A Guide to Building a Virtual Brokerage (Without Going Broke)

A Guide to Building a Virtual Brokerage (Without Going Broke)
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Remote work is beneficial for employees and helps businesses cut down costs and save time. But is it possible to build remote businesses in fields where customers prefer face-to-face meetings?

For instance, in the world of real estate, the first few meetings with a possible customer are crucial for establishing trust. This doesn’t mean, however, that the business part (the brokerage) can’t function from a virtual office.

Virtual brokerages are no longer a novelty — they’re often quite successful. Still, not all virtual brokerages do well. That’s because there are a few crucial steps you need to follow to establish a solid foundation for remote work.

So, if you’re thinking about building a remote brokerage, here is what you have to do:

Get a broker’s license

A brokerage can’t legally function without at least one person having their broker’s license. Ideally, as the business owner and administrator, you should be the person qualified to run a brokerage.

Why? Because during your education as a broker, you learn a lot about the real estate business and other essential aspects of being a broker. Plus, can you really entrust the very core of your business to a complete stranger, even though they are a professional?

Once you have your license and some experience in the field, you can start thinking about opening a virtual brokerage.

Get the right tools

A virtual office needs a series of digital tools to facilitate an easy and productive work environment for the team.

First, you need a solid collaboration tool that allows real estate agents to upload/download, edit, and collaborate on documents, images, videos, and other digital assets. Second, your agents need to be able to communicate with each other in groups or individually, so you’ll need a chat system that includes these features.

Other tools should support your relationship with customers and leads. For instance, Archie’s personalized follow-up messages allow you to stay in touch with leads and customers without too much effort, thanks to its automated processes. And if you use a CRM, you should find one that can communicate with your mailing or messaging tool. This way, you can follow the status of your leads and apply various degrees of personalization to encourage customer loyalty or get word of mouth going.

On the other hand, you also need tools to keep you organized. Most virtual brokerages use project management software that keeps track of everyone’s tasks, sends notifications, tracks spending, and gives the manager a bird’s eye view of all the projects.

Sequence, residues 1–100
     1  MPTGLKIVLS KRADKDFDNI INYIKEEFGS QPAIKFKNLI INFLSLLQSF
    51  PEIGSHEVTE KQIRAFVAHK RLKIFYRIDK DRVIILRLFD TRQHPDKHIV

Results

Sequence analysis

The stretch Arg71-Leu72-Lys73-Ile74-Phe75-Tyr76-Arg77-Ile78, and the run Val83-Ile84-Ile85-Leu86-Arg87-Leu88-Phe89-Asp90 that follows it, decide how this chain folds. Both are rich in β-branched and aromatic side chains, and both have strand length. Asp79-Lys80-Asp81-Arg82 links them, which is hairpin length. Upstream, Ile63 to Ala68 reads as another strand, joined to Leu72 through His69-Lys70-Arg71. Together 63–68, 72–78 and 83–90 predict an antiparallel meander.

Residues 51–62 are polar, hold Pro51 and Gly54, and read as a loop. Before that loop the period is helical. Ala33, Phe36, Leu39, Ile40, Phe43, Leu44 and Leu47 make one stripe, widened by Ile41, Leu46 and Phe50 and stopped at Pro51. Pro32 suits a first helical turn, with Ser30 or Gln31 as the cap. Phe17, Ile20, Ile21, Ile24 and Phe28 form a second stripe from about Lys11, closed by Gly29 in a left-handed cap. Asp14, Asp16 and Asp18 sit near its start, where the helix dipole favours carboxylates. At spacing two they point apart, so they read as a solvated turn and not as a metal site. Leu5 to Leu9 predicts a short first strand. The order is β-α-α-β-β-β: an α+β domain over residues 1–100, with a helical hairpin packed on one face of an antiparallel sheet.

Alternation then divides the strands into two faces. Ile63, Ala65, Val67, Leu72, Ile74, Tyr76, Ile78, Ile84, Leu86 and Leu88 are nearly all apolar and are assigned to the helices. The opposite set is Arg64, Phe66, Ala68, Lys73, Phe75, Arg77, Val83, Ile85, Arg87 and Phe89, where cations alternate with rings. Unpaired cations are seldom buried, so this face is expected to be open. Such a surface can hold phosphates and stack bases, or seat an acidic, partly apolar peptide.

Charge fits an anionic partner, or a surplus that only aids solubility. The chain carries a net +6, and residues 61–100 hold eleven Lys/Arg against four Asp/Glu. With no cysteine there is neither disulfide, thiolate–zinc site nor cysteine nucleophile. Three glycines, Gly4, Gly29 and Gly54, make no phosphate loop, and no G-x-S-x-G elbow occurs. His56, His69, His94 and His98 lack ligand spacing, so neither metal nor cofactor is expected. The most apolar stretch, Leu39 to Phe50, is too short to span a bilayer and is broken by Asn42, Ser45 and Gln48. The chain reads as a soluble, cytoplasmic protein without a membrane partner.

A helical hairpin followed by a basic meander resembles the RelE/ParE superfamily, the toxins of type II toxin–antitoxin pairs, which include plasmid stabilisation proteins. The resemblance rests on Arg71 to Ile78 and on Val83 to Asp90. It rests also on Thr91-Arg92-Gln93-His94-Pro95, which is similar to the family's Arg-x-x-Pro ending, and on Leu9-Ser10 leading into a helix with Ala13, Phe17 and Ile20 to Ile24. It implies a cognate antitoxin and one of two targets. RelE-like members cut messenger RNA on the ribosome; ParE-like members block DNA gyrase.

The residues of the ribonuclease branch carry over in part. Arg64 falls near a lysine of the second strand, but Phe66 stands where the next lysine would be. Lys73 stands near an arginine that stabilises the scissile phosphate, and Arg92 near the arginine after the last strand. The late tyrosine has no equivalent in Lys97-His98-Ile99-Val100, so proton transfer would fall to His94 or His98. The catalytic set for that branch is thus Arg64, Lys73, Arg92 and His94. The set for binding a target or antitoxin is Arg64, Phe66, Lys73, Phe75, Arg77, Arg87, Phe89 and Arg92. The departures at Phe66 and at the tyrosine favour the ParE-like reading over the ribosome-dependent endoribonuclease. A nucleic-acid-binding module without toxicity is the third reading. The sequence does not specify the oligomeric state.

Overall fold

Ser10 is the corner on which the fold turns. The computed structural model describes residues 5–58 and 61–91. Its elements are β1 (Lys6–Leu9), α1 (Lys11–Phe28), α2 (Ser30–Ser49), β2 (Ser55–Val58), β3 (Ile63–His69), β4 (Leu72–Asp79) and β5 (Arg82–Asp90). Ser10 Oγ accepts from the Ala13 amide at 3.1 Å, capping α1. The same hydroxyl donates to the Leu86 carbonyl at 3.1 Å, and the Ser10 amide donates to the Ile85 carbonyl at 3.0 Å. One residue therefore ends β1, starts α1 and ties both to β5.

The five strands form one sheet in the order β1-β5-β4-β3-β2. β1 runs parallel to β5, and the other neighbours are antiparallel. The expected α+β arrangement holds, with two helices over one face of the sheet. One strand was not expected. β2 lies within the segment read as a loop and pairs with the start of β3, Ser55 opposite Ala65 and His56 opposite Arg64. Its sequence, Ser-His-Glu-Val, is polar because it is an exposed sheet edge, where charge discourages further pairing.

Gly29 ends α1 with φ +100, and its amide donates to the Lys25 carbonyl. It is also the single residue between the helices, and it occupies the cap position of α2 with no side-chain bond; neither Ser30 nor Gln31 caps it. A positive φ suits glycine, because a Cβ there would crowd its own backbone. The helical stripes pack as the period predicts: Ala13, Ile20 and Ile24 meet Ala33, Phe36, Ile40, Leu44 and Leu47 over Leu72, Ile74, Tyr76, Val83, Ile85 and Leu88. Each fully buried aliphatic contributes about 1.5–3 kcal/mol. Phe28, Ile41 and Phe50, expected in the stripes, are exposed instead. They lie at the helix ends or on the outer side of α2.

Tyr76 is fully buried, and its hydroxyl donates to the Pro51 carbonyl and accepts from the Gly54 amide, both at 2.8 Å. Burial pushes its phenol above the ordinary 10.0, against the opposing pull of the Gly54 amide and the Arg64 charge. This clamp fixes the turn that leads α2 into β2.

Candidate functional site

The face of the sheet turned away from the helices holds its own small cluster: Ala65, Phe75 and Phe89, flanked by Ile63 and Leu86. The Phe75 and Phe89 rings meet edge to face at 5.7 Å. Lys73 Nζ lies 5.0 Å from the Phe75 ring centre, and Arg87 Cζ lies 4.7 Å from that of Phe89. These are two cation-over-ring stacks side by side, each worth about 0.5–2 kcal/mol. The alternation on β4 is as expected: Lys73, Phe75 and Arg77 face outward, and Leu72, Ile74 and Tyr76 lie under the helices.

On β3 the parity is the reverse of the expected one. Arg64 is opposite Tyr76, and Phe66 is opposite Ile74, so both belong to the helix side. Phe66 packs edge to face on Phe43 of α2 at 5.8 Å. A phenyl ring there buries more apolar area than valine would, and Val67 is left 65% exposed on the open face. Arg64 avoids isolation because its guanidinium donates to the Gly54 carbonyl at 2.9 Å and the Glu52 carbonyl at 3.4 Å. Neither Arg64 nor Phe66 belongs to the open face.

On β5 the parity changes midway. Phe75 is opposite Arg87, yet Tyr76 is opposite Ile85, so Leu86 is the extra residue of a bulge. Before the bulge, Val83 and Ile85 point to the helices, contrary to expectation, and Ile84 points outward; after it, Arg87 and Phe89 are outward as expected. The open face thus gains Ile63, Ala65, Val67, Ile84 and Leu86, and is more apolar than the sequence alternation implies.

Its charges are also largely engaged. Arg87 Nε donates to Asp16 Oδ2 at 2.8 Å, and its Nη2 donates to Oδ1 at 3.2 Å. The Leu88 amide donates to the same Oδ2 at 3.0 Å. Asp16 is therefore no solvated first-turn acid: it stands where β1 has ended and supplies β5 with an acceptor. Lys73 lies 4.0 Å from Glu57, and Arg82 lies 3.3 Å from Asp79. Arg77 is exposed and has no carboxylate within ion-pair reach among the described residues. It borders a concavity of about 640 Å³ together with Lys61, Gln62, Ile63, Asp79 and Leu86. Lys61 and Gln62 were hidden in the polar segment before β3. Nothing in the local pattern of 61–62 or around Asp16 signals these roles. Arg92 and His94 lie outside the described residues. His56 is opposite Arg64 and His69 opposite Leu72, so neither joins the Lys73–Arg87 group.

You should also use tools that allow you to take notes in an organized fashion and a document management system that can filter access based on a user’s credentials for an extra layer of protection.

Find trustworthy partners

Trust is a hot commodity in the business world. Businesses need to gain their customers’ trust to be successful, but they also need to find trustworthy partners who can support their efforts to grow.

The term “business partner” is a bit of an umbrella that covers a range of positions. Partners can be your investors, stakeholders in the company, or employees, to name a few. So, who would you build your virtual brokerage with?

Some new entrepreneurs may feel more comfortable starting a business with friends and/or family, but this is a tricky road. Friendships and even family ties get strained when money is involved. Plus, you’re better off with a professional with solid experience and expertise in your field.

To connect with trustworthy partners, you need to put together a thorough vetting process that includes their financial state, interest in developing a virtual brokerage, and how they can support you in the long-term.

Design a clear management structure and style

All successful businesses have one clear leader who is in charge of final decision-making. This is especially important for a virtual office. Differences of opinion and lack of consensus are common in the business world; the decision-maker’s job is to listen to everyone’s advice, check the data, and make a choice that will benefit the business as a whole.

Real estate brokerages — virtual or not — must have a clear management style. You are working with professional agents who may be more experienced than you, so there’s no need for micro-managing. However, it’s important to make sure they fill in their reports and submit their requests on time.

Furthermore, many virtual brokerages may find that a hybrid work environment is suitable for their needs. In this case, it becomes a bit easier to supervise everyone since you’ll have at least a day or two when the entire team meets in person.

Key takeaways

The key elements to a successful virtual brokerage are trustworthy partners, experience in the field, valuable tools that allow for remote collaboration and contact with customers, and a clear management structure.

You’ll also need a broker’s license – a must-have in this line of business, and confidence in your skills and the skills of your agents. Virtual businesses require a bit more open-mindedness and flexibility than classic ones, but the rewards are worth the extra effort.
 

This article is part of Buildremote’s contributor series. If you’d like to share some insights about how you run your remote company, learn more here.

About the author

Henry OLoughlin

Hi, I'm the founder of Buildremote. I have worked from home for a decade and run a fully remote, four-day work week company for eight years. I've made all of the mistakes running a remote company. I hope if you read my site, you'll be spared.

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